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Atlanta CLC

501 Pulliam St., S.W., Suite 517
Atlanta, GA 30312

 

Members

icon_membersAtlanta AFL-CIO represents 81,000 members from 49 different local unions.

 

Structure

icon_structureGeorgia’s Labor Councils screen and make endorsements of candidates running for Mayor, City Council, School Board, Judgeships, and other county and city offices. They also make recommendations for state senate and state representative endorsements to the Georgia State AFL-CIO. In conjunction with the State AFL-CIO, they organize and staff phone banks during elections to help educate their members on the issues and positions of the candidates.  They work to get endorsed candidates elected to office. Volunteers from the local unions in their areas perform most of their work.

CLC’s assist local unions in their jurisdiction with organizing, community services, civil rights issues, and work with charitable organizations. They lobby local politicians on issues of concern to workers in their jurisdiction.

Each Council-affiliated organization elects delegates to the Atlanta AFL-CIO as representatives of their union, giving their union’s members a voice within the Council. Every three years, the Council holds elections for officers, trustees, trade section representatives and constituency group representatives. These individuals make up the Executive Board, which meets twice monthly to consider requests from affiliates and other Council business. The unions that make up the individual sections appoint trade section representatives. The entire Council body nominates candidates and votes to fill the other positions. The president is the principal officer and full-time staff person of the Council.

Key Officers

Denise Mayes, President

denise@atlantalaborcouncil.org

 

Anthony McKinney, Assistant to the President

anthony@atlantalaborcouncil.org


Louis Partain, Secretary-Treasurer
Janine Brown, Community Services Liaison

 

(see appendix for affiliated unions)

 

Sustainability Profile

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Atlanta has had little to say about green jobs and the environment despite the fact that it was one of three cities initially selected to participate in Obama’s Better Buildings Challenge and was the home of the Spring 2012 Good Jobs Green Jobs Conference.  Atlanta was handpicked as a locale for the conference for being a city “where work is being done to make good, green jobs.” At the conference, the State of Georgia was congratulated for encouraging a green economy, yet the Atlanta CLC did not post information about the event on its website. According to the US Green Building Council, Georgia “has nearly 5,300 LEED credentialed professionals and ranks 9th in the country for total number of LEED commercial projects.“ Clearly there is a real opportunity for the CLC to promote its sustainable projects.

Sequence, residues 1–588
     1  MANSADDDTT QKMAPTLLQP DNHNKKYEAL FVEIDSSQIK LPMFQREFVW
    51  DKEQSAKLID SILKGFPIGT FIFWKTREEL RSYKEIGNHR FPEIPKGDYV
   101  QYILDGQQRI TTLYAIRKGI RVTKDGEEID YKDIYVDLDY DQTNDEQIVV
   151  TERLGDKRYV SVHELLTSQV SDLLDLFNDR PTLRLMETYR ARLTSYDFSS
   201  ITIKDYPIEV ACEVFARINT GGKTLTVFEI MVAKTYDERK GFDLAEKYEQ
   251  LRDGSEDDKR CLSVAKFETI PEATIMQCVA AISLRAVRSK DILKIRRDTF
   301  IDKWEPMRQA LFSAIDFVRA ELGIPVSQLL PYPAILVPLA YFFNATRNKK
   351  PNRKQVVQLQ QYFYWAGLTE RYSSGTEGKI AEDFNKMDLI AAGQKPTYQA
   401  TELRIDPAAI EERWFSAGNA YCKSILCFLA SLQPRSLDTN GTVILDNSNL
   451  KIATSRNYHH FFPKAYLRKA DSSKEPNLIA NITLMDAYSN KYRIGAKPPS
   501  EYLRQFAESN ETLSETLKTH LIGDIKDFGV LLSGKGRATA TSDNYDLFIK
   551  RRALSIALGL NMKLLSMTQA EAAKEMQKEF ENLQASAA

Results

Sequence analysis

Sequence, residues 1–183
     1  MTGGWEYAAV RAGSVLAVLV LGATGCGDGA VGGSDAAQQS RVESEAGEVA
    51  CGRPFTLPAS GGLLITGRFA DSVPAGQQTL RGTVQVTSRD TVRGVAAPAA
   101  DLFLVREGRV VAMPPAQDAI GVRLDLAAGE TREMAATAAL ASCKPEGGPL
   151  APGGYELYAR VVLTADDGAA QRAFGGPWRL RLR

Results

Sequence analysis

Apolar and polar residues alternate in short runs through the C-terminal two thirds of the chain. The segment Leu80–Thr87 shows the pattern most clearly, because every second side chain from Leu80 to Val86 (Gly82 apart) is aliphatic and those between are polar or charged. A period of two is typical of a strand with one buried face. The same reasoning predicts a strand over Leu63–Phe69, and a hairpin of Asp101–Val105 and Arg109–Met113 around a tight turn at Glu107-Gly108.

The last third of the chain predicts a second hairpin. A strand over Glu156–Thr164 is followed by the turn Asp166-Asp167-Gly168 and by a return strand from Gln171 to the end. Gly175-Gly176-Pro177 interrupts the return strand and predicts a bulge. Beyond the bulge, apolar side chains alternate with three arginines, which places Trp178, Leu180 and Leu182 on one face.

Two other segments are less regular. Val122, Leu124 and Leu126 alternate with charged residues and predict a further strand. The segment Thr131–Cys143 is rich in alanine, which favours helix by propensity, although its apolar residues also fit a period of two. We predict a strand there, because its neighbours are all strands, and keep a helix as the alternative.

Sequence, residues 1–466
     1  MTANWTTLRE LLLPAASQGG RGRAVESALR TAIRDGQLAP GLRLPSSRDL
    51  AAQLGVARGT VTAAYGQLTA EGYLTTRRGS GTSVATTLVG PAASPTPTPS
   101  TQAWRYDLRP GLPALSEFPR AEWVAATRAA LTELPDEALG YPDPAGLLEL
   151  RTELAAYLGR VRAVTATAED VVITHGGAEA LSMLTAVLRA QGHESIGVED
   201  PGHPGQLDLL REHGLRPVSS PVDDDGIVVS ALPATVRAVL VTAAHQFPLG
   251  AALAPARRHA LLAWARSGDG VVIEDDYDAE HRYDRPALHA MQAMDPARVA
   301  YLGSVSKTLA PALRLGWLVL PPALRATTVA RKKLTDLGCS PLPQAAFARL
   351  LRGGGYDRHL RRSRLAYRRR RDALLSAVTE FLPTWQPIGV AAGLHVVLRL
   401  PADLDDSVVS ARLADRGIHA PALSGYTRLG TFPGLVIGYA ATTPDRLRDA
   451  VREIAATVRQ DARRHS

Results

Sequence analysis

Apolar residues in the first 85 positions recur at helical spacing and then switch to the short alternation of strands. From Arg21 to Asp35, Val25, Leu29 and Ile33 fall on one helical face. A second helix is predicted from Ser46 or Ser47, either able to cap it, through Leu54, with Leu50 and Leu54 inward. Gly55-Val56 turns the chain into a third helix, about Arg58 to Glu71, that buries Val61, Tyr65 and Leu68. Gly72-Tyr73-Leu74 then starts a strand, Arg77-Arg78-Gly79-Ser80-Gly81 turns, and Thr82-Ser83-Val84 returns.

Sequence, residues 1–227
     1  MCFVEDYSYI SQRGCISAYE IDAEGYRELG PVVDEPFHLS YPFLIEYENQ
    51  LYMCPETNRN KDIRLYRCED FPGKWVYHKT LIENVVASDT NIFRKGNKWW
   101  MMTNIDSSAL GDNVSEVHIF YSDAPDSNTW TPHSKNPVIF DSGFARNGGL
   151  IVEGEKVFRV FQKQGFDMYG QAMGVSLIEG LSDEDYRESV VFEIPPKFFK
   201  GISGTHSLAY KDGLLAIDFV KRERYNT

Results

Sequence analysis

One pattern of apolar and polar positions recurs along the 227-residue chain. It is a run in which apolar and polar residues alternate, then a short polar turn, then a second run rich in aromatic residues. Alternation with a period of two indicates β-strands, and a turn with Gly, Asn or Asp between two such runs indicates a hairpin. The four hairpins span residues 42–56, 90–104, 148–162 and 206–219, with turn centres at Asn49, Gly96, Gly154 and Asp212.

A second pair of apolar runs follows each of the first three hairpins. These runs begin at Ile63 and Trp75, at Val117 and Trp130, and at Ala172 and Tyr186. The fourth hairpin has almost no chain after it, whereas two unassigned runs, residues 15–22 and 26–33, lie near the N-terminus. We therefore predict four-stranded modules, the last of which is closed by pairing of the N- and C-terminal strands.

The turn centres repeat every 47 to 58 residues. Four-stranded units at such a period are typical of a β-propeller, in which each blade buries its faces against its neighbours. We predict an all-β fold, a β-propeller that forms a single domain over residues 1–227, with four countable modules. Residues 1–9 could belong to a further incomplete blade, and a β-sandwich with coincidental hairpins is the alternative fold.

The BlueGreen Alliance even produced a factsheet about the many clean job Opportunities in Georgia, yet the Atlanta CLC made no apparent mention of the vast array of green job possibilities for its members. In addition to mentioning the Better Buildings Challenge, the factsheet highlights Atlanta Mayor Kasim Reed and EPA Administrator Lisa Jackson’s efforts to develop a clean, green workforce. The two “held a press conference to highlight the impact that more than $6.2 million in national environmental workforce development would have on ‘five targeted low-income Atlanta neighborhoods.’”

The only environmental article revealed by an in-depth search of the Atlanta CLC’s website* (which may or may not be a repost from another site) discusses Representative Johnson’s  (of District 4, covering Atlanta) Resource Assessment of Rare Earths Act of 2011, included in the 25 “Make it in America” bills.  This act advises the United States Geological Survey to conduct a three-year, global mineral assessment of rare earth elements (REEs).  According to the article, REEs are critical to “high-tech clean-energy and defense manufacturing… [and] are strategic minerals used in the production of cutting-edge technologies such as wind turbines, advanced batteries, powerful magnets, and military radar systems.”

*The website is so outdated that the president hasn’t been updated since the election of Denise Mayes.

 

Appendixes

Appendix 1: Affiliated Unions

 

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